Other mounting and control or adjustment arrangements are carried by the support structure 63 which appears in FIGS. 7 and 9. Thus, supporting framing 68 is mounted upon the support structure 63, preferably by guide means 69 providing for adjustment movement of the framing 68 in a direction toward the right or left when viewed as in FIG. 7. The framing 68 serves as a reaction point for the adjustable jack screws 70, by means of which the blast generator 71 (with which the blast nozzle 55 is associated) may be adjusted in the vertical sense. A gas supply chamber 72 for the jet boxes 56 is mounted upon the blast generator 71, as indicated diagrammatically at 73. This mounting may be a fixed mounting, but may alternatively incorporate adjustment devices for shifting the position of the supply chamber 72 and thus of the jet boxes 56 and the deflector 57 with respect to the jet generator 71 and also with respect to other components of the system, such as the glass supply means 52.
As diagrammed in FIG. 11, it will be seen that the movement of the supporting framing 68 with respect to the support structure 63 provides for shifting movement of the jet boxes 56 and the blast nozzle 55 toward and away from the glass bushing 52. This motion also carries with it the deflector 57 which is mounted upon the jet boxes 56. FIG. 11 also indicates two devices for shifting the framing 68 in the sense just referred to, one of these devices comprising a manual control diagrammatically indicated at 74, and the other comprising a fluid pressure piston and cylinder device 75, the manual control 74 and the piston and cylinder device 75 being coupled with the framing 68 in any appropriate manner providing for actuation either of the manual control or of the cylinder independently of each other.
It is now pointed out that as shown in FIG. 12, the supply chamber 72 has a supply connection 76. Also as seen in FIG. 12, the piston and cylinder device 75 is provided with a fluid connection 77 communicating with a control valve 78 which, also has a connection 79 communicating with the other end of cylinder 75. A local supply of operating fluid for the cylinder 75 is established in the reservoir 80 having a connection 81 with the valve device 78 and also having a connection 82 with the supply line 76 for the jet operating fluid.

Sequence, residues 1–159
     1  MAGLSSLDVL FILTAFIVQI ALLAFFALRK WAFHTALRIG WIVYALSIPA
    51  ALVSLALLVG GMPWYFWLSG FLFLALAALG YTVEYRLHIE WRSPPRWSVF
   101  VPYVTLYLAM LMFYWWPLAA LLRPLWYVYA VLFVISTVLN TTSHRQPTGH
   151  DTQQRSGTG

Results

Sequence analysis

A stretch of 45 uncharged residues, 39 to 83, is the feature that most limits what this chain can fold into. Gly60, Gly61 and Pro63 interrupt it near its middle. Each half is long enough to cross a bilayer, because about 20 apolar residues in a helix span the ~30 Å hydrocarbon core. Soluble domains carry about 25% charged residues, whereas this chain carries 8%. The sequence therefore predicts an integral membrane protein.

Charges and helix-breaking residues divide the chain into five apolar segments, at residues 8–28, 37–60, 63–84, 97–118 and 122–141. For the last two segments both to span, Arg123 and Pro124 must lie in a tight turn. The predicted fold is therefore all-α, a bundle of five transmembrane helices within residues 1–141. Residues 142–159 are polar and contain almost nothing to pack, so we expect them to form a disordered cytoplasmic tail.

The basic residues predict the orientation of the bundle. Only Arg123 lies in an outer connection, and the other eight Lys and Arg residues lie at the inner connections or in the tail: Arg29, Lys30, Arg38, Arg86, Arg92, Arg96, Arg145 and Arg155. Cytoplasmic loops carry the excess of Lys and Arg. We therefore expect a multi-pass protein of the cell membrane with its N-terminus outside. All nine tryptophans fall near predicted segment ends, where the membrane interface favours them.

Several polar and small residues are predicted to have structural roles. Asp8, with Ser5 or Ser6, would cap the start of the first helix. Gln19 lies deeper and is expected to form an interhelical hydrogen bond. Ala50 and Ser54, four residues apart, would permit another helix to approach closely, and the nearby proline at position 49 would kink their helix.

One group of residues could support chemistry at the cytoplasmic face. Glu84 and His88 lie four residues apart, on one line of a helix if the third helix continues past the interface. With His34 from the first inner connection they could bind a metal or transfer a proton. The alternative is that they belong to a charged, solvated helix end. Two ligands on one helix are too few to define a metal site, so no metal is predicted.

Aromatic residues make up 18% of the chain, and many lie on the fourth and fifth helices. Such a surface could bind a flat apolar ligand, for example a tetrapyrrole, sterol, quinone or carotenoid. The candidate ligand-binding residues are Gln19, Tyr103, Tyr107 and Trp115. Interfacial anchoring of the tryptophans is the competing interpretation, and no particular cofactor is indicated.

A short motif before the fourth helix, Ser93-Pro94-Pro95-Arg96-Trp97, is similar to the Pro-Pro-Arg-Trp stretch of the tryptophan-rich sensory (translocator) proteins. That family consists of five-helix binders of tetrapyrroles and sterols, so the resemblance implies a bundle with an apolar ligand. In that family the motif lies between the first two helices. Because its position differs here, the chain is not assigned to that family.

A pressure sensor 83 is responsive to pressure in the jet supply connection 76 and controls the valve 78. The sensor 83 may comprise a pressure gauge and also includes a pressure responsive switch in the control circuit 83a for the solenoid 83b provided for operating the control valve 78. This pressure sensor 83 also serves to control the operating circuit 84a for the solenoid 84b provided for the shut-off valve 84, which shut-off valve is positioned in the connection 82 between the local supply reservoir 80 and the jet supply connection 76.
As above explained, particularly with reference to FIG. 11, the piston in the cylinder 75 is connected with the mounting for the blast generator and the jet boxes, and this operating connection is diagrammatically indicated in FIG. 12 by the dotted line 68a.
The control valve 78 has an exhaust connection 78e, and the valve is of the type which provides in one position (the position indicated in FIG. 12) for the supply of actuating fluid (for instance compressed air) from the local reservoir 80 to the supply connection 79, thereby maintaining the piston in the lower position when viewed as in FIG. 12, i.e., the position in which the blast generator and the jet boxes are moved toward the glass bushing. In this position of the control valve 78, the connection 77 to the lower end of the cylinder is vented to atmosphere through the connection 78e. This is the condition which is established by the solenoid 83b when the pressure sensor 83 senses normal pressure condition in the jet supply connection 76. Upon failure of the jet supply, or upon excessive drop in the jet supply pressure, the sensor 83, acting through the solenoid 83b, shifts the position of the control valve 78 so that the cylinder connection 79 is vented to atmosphere through the exhaust 78e; and at the same time, operating fluid from the reservoir 80 is delivered through the connection 81 to the cylinder connection 77, thereby moving the piston upwardly as viewed in FIG. 12, i.e., in the direction which will serve to withdraw the blast generator and the jet boxes away from the bushing. The valve 84 in the supply line 82 for the local reservoir 80 is also closed by its solenoid 84b at times when the pressure sensor 83 senses loss of pressure in the jet supply connection 76.
By this system, a local supply of operating fluid is always available to effect quick withdrawal of the blast and jet away from the glass bushing whenever the jet supply fluid is lost.
The purposes and advantages of the control arrangement just described will be understood when it is kept in mind that during normal fiberization operation, the blast generator 55, the jet manifolds 56 and particularly the jet deflector 57 (see FIGS. 7 and 11), are all positioned in close proximity to the streams of molten material issuing from the supply devices 36 associated with the bushing 52. Maintenance of the jet flow assures proper and stable feed of the streams of attenuable material; but if the jet supply pressure is dissipated or drops to an abnormally low value, the jet flow will no longer maintain the desired positional relationship between the deflector 57 and the streams of molten material, in consequence of which the molten material may fall upon the deflector, the jet manifolds or the blast generator which is undesirable and may even cause damage to these parts.